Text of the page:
• Kevin Shabaar Smith

How to Avoid Toxic Clients

I want to talk to you today about something that could be secretly destroying your

business from the inside out and I want to help you get past it starting today. I'm talking about bringing on toxic clients - bringing on the clients that aren't a good fit for you or a good fit for your coaching business.

Often this can happen when you're just starting out as a coach and feel you just need somebody to pay for your services. I mean, deep down we know they're not a good fit but we're so anxious to get that piece of revenue and get our feet on solid ground that we take on clients we know just aren't good for us Hey! I am not judging - I've been there, done that! Other times we may not even know what part of our process is broken that allows these folks to sneak through. Either way...it happens....and it's not good.

The problem is that as we start to grow we settle into that habit. We never develop the process and mechanisms to filter out the the clients that aren't such a good fit. This is a crucial step because doing it right allows us to take on only the clients that are a super good fit for our coaching business!

So let's look at this through the three pillars of a successful online coaching business. The Model, The Mechanics, and the Marketing.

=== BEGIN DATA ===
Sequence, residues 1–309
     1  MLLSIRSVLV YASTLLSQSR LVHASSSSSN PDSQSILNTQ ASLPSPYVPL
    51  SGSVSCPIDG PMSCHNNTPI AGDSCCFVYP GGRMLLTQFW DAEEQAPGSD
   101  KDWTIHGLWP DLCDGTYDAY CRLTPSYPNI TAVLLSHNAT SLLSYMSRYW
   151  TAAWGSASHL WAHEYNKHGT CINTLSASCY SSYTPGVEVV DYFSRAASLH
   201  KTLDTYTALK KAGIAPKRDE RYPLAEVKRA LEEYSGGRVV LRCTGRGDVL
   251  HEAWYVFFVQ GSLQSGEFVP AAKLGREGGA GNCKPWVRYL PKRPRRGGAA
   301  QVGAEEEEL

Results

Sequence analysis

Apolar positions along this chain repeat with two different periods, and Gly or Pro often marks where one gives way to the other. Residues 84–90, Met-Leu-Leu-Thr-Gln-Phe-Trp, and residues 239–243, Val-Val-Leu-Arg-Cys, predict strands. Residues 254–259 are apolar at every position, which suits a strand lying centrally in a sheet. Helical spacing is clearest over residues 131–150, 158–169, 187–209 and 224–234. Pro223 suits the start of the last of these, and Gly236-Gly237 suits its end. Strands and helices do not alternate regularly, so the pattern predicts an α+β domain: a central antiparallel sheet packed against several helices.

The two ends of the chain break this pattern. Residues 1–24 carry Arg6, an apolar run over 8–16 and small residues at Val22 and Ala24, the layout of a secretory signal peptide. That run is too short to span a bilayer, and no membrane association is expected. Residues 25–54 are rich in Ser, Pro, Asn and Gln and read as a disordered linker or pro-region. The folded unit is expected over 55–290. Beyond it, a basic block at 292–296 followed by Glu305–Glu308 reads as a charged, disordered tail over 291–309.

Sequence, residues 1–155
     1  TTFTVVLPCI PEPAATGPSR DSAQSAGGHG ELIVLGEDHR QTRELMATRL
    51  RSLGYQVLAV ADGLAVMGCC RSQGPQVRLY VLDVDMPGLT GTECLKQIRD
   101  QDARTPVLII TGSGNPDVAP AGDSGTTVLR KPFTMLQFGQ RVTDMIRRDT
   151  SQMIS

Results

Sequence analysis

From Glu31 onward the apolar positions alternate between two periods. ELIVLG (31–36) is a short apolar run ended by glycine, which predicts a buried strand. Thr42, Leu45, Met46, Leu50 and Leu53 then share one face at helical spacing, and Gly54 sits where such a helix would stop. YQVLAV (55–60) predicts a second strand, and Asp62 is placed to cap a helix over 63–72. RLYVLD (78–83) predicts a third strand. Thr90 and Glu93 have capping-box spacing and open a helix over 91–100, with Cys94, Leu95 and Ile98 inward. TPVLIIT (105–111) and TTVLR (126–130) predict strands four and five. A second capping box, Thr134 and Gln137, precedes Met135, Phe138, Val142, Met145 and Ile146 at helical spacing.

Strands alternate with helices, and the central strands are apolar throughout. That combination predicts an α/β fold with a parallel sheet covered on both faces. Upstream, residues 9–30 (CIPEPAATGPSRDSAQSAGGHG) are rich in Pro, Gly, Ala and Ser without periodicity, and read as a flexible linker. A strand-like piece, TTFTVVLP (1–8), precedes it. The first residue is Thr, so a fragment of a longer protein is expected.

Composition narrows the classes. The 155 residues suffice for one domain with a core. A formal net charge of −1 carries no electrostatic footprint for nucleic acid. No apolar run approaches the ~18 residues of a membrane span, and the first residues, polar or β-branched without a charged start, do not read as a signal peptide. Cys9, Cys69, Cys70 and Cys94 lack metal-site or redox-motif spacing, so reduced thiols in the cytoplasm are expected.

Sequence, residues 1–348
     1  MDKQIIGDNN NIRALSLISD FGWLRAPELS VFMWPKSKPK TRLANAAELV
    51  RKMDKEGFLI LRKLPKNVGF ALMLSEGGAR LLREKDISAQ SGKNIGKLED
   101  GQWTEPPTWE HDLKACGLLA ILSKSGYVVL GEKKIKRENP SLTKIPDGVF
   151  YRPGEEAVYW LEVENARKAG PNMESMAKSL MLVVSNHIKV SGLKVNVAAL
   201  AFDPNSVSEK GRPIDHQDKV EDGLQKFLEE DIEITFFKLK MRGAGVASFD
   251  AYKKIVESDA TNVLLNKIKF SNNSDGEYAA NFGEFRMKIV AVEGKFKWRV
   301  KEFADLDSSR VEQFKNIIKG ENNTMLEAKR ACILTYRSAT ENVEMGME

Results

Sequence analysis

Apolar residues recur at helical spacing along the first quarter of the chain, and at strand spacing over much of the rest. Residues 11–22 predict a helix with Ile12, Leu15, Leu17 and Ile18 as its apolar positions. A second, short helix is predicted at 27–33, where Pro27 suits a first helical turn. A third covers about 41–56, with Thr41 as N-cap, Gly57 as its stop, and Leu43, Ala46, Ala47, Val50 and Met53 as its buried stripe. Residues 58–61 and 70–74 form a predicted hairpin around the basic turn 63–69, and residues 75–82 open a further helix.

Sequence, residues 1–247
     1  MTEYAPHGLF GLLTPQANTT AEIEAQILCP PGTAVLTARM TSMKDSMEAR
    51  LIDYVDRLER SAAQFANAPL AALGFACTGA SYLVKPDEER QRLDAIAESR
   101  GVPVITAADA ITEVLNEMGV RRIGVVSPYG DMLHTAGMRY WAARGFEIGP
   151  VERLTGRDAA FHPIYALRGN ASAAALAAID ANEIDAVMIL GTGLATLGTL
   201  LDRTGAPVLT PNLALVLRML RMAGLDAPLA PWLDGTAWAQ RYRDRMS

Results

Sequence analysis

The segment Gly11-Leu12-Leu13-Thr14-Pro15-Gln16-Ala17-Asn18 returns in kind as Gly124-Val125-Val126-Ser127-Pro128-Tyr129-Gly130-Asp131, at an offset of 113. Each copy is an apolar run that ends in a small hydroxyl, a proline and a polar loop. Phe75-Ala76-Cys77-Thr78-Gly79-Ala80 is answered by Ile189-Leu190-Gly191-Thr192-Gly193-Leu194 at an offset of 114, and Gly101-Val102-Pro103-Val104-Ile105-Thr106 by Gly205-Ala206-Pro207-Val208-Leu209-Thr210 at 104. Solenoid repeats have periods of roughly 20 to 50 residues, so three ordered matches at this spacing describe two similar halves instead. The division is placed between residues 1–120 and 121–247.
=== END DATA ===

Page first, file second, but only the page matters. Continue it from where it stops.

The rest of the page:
What is it about your model that could potentially get the wrong clients to be attracted to you in the first place?

The main thing that comes to mind when I think of people's models and attracting the wrong type of clients is the price point.

Does your coaching model have too low of a price point, or too high of a price point?

If you decide that you're gonna charge $97 for a year-long program with all the bells and whistles - you're probably gonna attract some tire-kickers or some people who are just paying $97 dollars just to check it out - and you're gonna get the wrong type of clients in your coaching program!

On the other hand, if you are a business coach for example and you want to work with people who are just starting out and only have an idea and motivation, charging $50,000 is likely to yield.... well, nobody.

So pricing your coaching program in a way that attracts your ideal client is a key factor. After all prevention is better than correction!


Your marketing is another prevention step. This is how people learn about you, your style, and your coaching program. This is a great opportunity to inform people well beforehand what type of clients your program is best suited for.

If you take a look at our program, you'll see that we have basically two main programs. we have a The 99 Days to Freedom Implementation Program™ which is basically for anyone who wants to go through the program on-demand and receive some valuable coaching along the way. It has a set price and people can come and take that program as they wish. Since it is mostly on-demand, a good fit is less of an issue (although our product page does attract a certain type)

But we also have a 99 Days to Freedom Workroom™ program which is our flagship program and offer a lot more coaching and interaction. We have to be very careful who we let in, so we do a couple of very specific things.